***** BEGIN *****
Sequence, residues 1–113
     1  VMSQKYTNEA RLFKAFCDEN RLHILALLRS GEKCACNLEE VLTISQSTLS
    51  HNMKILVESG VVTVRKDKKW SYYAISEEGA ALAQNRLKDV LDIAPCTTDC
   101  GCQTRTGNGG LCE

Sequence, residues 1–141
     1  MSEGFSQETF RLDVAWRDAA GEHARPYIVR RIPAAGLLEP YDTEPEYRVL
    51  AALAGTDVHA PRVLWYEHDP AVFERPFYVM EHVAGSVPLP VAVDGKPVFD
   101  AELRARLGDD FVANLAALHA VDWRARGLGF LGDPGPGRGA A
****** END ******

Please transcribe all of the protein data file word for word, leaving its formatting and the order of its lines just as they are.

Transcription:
Sequence, residues 1–113
     1  VMSQKYTNEA RLFKAFCDEN RLHILALLRS GEKCACNLEE VLTISQSTLS
    51  HNMKILVESG VVTVRKDKKW SYYAISEEGA ALAQNRLKDV LDIAPCTTDC
   101  GCQTRTGNGG LCE

Sequence, residues 1–141
     1  MSEGFSQETF RLDVAWRDAA GEHARPYIVR RIPAAGLLEP YDTEPEYRVL
    51  AALAGTDVHA PRVLWYEHDP AVFERPFYVM EHVAGSVPLP VAVDGKPVFD
   101  AELRARLGDD FVANLAALHA VDWRARGLGF LGDPGPGRGA A